Last summer, I was extremely lucky to have been able to go on a holiday abroad. Booked before we even heard about coronavirus for the very first time, it fit perfectly in the short time window when the pandemic in Europe was at its lowest point between waves 1 and 2 and most travel restrictions had been lifted. So today, I’m bringing you to Split, Croatia. A one day trip – covid safe, naturally.
Let’s start the journey with the statue of Grgur Ninski – one of three statues of Gregory of Nin, a Croatian medieval bishop (I’ve seen two of them, in Split and Nin, the third one is located in Varazdin). Rubbing the toe of the statue is said to bring good luck, and as a result it’s become really smooth and shiny over the years of tourists touching it.
The statue of Grgur stands right at the north entrance to the most iconic place in Split – Diocletian’s Palace.
Now, if you’re anything like me, hearing “palace” you’ll likely imagine a huge, beautiful castle with elegant interiors, dripping with gold and wealth – simply a residence of former kings and queens. And that’s… rather far from what Diocletian’s Palace actually is.
The best way to describe it is saying it’s Split’s entire Old Town, enclosed within tall, stone walls, with the main historic buildings in the very centre. The Palace covers a rectangular area of 30.000 m² with a gate on each side and was constructed in late 3rd century. Fun fact: there are around 3.000 permanent residents living inside the area of the Palace.
In the centre of the Palace stands the Cathedral of Saint Domnius. Majestic and beautiful, it was originally built as a Roman mausoleum and then reconstructed later in the 7th century into a Catholic cathedral. It is currently regarded as the oldest Catholic cathedral in the world that remains in use in its original structure.
There are five tourist attractions in this area with paid entrance: the inside of the cathedral, the bell tower, the crypt, the baptistery and a museum. You can buy individual tickets or one that covers multiple places with a discount. An adult ticket covering all five was priced at around 50kn (£6) in summer 2020.
There are three of these sphinx statues in the centre of the Palace, all in pretty decent condition for their 3000 years of age!
The inside of the cathedral – or at least the accessible, main chamber – seems pretty small for what looks like a huge building from the outside. Nonetheless, there’s plenty of detailed stone sculptures and gold ornaments and the interior is gorgeous.
If you want to choose which of the paid attractions to visit, I would definitely recommend climbing up the bell tower. Getting up there may be a bit of a challenge – accessibility wise, there’s no lift in the tower built between the 12th and 14th century and some of the stone steps at the start are really high. However if you’re able to climb them, it’s definitely worth a visit – the view from the tower is stunning.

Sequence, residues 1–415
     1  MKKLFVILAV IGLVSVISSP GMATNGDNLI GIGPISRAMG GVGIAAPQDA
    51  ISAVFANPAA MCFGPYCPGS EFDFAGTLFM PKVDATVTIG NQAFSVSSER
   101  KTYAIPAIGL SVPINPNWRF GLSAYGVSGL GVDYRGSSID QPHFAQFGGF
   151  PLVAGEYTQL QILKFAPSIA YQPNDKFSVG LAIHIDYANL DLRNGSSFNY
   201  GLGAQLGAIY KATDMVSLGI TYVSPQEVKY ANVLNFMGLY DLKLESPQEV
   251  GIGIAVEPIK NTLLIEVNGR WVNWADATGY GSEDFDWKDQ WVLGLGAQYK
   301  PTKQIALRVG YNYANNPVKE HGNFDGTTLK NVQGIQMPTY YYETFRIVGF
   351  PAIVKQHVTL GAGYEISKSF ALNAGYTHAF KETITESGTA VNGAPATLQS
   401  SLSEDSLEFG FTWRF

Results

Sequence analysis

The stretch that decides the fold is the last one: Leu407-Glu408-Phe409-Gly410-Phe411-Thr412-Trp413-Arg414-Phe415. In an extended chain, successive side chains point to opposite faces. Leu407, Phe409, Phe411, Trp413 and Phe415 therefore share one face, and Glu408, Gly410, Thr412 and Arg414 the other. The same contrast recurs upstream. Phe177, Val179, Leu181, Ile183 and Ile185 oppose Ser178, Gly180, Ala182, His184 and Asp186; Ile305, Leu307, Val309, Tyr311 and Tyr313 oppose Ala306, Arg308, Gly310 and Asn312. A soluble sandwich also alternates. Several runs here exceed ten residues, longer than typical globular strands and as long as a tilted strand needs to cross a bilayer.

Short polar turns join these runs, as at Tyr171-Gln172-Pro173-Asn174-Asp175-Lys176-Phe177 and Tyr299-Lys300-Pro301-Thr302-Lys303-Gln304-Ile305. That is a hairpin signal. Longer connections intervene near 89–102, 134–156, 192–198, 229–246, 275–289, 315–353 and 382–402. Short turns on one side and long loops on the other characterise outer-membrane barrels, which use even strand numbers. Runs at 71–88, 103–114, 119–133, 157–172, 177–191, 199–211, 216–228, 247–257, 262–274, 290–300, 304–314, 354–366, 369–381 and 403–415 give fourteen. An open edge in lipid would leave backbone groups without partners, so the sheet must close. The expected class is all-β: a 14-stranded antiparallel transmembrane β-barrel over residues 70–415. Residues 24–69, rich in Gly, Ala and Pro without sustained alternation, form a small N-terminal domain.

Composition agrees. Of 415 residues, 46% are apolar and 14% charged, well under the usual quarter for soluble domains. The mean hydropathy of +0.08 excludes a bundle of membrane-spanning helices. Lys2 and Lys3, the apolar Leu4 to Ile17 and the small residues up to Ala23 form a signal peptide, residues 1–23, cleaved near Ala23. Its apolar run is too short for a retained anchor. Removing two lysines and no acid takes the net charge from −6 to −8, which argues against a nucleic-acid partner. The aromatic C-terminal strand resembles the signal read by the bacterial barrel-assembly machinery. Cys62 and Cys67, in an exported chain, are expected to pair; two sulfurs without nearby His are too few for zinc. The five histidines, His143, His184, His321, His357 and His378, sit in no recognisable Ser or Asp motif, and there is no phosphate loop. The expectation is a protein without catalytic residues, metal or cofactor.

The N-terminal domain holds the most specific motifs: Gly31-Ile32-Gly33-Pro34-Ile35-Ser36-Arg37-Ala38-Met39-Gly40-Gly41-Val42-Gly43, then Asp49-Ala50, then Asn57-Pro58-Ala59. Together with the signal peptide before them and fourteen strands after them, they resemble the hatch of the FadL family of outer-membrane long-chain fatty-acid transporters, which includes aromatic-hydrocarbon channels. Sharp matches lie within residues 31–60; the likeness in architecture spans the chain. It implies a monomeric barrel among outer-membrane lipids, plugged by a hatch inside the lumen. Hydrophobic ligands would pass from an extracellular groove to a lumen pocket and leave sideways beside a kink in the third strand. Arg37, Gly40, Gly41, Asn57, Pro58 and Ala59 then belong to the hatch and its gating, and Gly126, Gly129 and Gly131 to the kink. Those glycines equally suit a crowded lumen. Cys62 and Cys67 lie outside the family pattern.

One of my favourite things about Croatia is the contrast of the landscape on the coast. You look one way and see high, rocky mountains, then look back and you’re staring at the Adriatic Sea and some of the nearby islands which there’s plenty of alongside Croatian coast.
The hill covered with trees on the horizon in the photo below is a park I went to at the end of the day trip, you’ll see photos from it at the end of this post.
The third out of the five places to visit in the Palace was the crypt – a tiny chamber a few feet underground, with a small altar and a statue of Mother Mary. A nice place for anyone longing for some cool shade after walking in the Mediterranean sun for hours.
Next on the list was the Baptistery (also known as the Temple of Jupiter back when it was built in end of the 3rd century).
Finally, we visited the museum, where you can see lots of artifacts from various stages of the Palace’s lifetime.
Split came across to me as a town of stray cats. Wherever I looked, there was a cat or two in my sight. I got to pet some of them and they were absolutely adorable. It breaks my heart to see stray cats in the streets, but hopefully they do well? There is no road traffic in the narrow alleys of the Old Town and the winters in Croatia don’t get too bad, so fingers crossed.
Finally, to finish the day off, we went to Park Suma Marjan – a large park located on top of a hill just a short walk away from the Old Town. Climbing up there was quite a workout after a full day of walking, but the views were definitely worth it. The place was very quiet, with a much smaller number of tourists than the Palace. Although, because of the pandemic and the day being slightly off season (early September), there were probably less tourists in Split overall than there are on a typical summer day.
There were plenty of agaves and flowering opuntias in the park, as well as some more ancient structures – one I’ve seen was a tiny church from the 13th century, with a little bell tower on the side – all in perfect condition! There is also a zoo in the park, but we would have needed an extra few hours in the day to visit it as well. Hopefully, next time!
What an amazing day that was, it was great to relive those memories whilst looking through the photos. If you ever have chance to visit Split, or any town on the Croatian coast for that matter – don’t think twice! It’s a great country for sightseeing and bathing in the Mediterranean sun, and generally more affordable than comparable Western European holiday destinations.
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